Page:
The end of my second marriage after twenty-five years was even more devastating. But the upside of having been through the previous divorce, gave me valuable insight into following a better path to recovery. Here are twelve things I'm glad I did over a three year period after my divorce.
- I had used much psychic energy trying to save my marriage, and the ending of that effort left a big hole in my life. I understood it might take me a while to adjust to the absence of that burden.
- I cycled between feeling scared and feeling brave, and gave myself a pass for being confused.
- I bought myself silk pajamas. I purchased new sheets, discarding the ones my husband and I had slept on as a couple.
- I took frequent naps and listened to my favorite soothing music.
- I drank Champagne with my dinners and snacked on chocolate.
- I immersed myself in good books while soaking in the tub until the water turned cold.
- Instead of hiding away, I expressed my needs. This made it easier for those who wanted to come along side me know how they could help. For example, one friend showed up to help pack for my move but ended up walking and talking with me instead, because that’s what I needed most at that moment.
- My cousins rallied around me and helped me move.
- Friends called me once a week, invited me to movies, and listened when I needed a compassionate ear.
- I discovered my first counselor didn’t understand my faith and how it affected my struggle with divorce. I was not shy in asking for a referral, and found a second counselor who better fit my needs.
- I took the anti-depressants my new counselor prescribed until I felt more like myself.
- I bought my own place for the first time, making all the necessary decisions myself.
- Upon receiving the keys to my townhouse, I claimed ownership and responsibility for it from top to bottom as I straddled the rafters in the attic and became covered in spider webs and insulation in the crawlspace.
- I tackled household repairs that once were my husband’s purview. Sometimes I laughed at my efforts, such as when I tackled the plumbing of the bathroom sink, and water spewed everywhere.
- I went back to school, which entailed a technical component I would have resisted in my previous life. Although I was intimidated, I was able to conquer the subject, building up confidence.
- Having someone who cared about my physical well-being helped keep me grounded.
- Being physical helped me work out the pain and anger my body had stored for so long.
- As I grew physically more able, confidence in my abilities in other areas increased.
- I wanted to exercise in a fun way.
- I wanted to try something I’d long wanted to do.
- I wanted to socialize in a safe environment.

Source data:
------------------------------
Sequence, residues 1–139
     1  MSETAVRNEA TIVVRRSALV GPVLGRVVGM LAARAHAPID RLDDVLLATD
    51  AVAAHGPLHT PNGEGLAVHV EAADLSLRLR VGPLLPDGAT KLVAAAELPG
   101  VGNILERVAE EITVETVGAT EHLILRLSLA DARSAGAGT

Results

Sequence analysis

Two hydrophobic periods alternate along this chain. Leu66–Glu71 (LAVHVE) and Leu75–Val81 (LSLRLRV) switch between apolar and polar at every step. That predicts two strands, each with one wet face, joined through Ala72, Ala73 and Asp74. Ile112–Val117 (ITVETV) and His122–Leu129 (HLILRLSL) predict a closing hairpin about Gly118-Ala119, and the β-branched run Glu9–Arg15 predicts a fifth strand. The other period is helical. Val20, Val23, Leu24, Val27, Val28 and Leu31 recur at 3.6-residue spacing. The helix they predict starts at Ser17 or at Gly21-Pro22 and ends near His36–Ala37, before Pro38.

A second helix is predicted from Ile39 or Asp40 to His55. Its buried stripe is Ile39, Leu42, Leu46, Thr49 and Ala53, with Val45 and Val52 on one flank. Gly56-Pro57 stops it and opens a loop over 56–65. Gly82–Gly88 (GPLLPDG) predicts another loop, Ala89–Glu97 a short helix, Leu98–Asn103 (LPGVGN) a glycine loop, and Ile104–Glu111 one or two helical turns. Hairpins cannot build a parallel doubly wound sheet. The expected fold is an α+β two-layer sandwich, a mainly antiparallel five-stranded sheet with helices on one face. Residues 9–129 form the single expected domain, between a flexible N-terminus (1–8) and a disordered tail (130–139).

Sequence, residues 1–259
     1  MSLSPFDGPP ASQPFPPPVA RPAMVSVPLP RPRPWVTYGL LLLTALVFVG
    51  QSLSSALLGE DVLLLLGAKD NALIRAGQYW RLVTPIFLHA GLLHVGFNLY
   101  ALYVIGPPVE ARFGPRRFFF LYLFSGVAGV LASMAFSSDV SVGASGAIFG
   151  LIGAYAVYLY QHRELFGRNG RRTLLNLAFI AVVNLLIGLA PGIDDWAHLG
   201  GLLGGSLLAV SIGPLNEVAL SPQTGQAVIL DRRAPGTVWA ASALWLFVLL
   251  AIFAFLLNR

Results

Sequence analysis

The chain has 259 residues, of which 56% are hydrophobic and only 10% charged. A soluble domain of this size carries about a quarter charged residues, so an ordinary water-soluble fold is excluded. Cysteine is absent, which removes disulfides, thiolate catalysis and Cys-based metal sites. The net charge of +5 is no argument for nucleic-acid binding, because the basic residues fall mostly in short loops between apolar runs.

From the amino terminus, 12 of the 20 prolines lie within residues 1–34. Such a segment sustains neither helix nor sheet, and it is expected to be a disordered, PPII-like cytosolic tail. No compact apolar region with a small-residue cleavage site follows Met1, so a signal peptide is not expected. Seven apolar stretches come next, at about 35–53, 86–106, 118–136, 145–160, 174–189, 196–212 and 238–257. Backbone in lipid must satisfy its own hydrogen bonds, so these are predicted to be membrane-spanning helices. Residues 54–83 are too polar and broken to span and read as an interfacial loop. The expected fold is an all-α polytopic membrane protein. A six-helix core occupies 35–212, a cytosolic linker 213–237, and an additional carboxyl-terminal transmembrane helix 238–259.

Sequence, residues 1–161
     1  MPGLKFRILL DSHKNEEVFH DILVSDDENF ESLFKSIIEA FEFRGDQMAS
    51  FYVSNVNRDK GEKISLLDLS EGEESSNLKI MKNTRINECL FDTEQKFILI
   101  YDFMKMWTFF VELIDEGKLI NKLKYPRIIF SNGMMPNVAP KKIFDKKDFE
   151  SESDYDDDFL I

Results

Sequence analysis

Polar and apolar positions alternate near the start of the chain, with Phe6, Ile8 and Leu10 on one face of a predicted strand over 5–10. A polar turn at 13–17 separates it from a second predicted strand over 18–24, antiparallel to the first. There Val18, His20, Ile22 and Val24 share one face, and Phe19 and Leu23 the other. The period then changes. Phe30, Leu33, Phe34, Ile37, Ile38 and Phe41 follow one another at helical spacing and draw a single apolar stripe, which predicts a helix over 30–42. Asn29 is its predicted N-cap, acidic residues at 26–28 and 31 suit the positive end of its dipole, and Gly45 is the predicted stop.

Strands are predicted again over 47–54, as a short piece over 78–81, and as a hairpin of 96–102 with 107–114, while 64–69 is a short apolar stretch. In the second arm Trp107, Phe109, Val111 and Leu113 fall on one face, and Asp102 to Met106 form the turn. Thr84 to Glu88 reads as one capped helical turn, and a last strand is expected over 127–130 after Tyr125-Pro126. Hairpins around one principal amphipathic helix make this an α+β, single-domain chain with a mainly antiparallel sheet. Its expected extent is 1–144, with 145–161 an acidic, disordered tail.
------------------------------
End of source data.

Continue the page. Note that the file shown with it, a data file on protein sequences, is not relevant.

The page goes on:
- Regular appointments with my trainer, everyday walks with my dog, taking dance lessons, and attending Sunday services were helpful.
- Though my appetite was severely compromised, I ate at least a little something at regular mealtimes.
- I’d had enough negativity in my life. It was time to seek out those who could lift me up and were able to receive the same from me.
- Joining the singles group at my new church was a life-line. Many of us could relate to one another’s challenges. I participated in group activities and formed tight friendships with some of the other women.
- In that group, there was always a listening ear as we shared our struggles in understanding what had happened in our marriages.
- We were encouraged to make healthy decisions for ourselves as we worked at moving forward.
- Although I’d been very active in my church before my move and divorce, I realized this was a time for me to be fed. I tested a few churches before I found one that supported its adult single attendees.
- I joined the church choir. It felt good using the talent God gave me.
- I knew I had to heal before I could be ready for a healthy relationship.
- I was lonely and would have loved to have been in a good man’s arms, but I didn’t trust my discernment.
- Rushing into a new relationship would have been a big mistake.
- This turned out to be one of the best decisions I made during my recovery.
Have you gone through a divorce? What tips can you offer readers who are facing the challenge of divorce recovery? I hope you'll share in the comment section below and perhaps help someone else.
Linda M. Kurth is a writer and a divorced and remarried Christian. In going through the divorce, she experienced a dichotomy of responses from the Christian community. After sharing some of those experiences in her upcoming memoir, God, the Devil, and Divorce, she's heard many stories of divorced Christians who have struggled with the same issue. This blog invites divorced Christians to tell their stories with the goal of encouraging churches to resist condemnation and become a source of healing and grace.
I advocate for healing of divorced people within the church by gathering stories of Christians who chose divorce because of abuse, and the response of their churches to that decision. (I'm interested in both helpful and hurtful experiences.) I also include those who have divorced because of their spouse's infidelity but have nevertheless been blamed by their church for the divorce.
If you’re interested in having your voice heard by contributing your divorce story in relationship to the church, please email me at LindaMKurthBlog@gmail.com for guidelines. I’ll be happy to help you share your story.
Know that I encourage respectful comments, keeping the blog a safe place to dialog about this subject.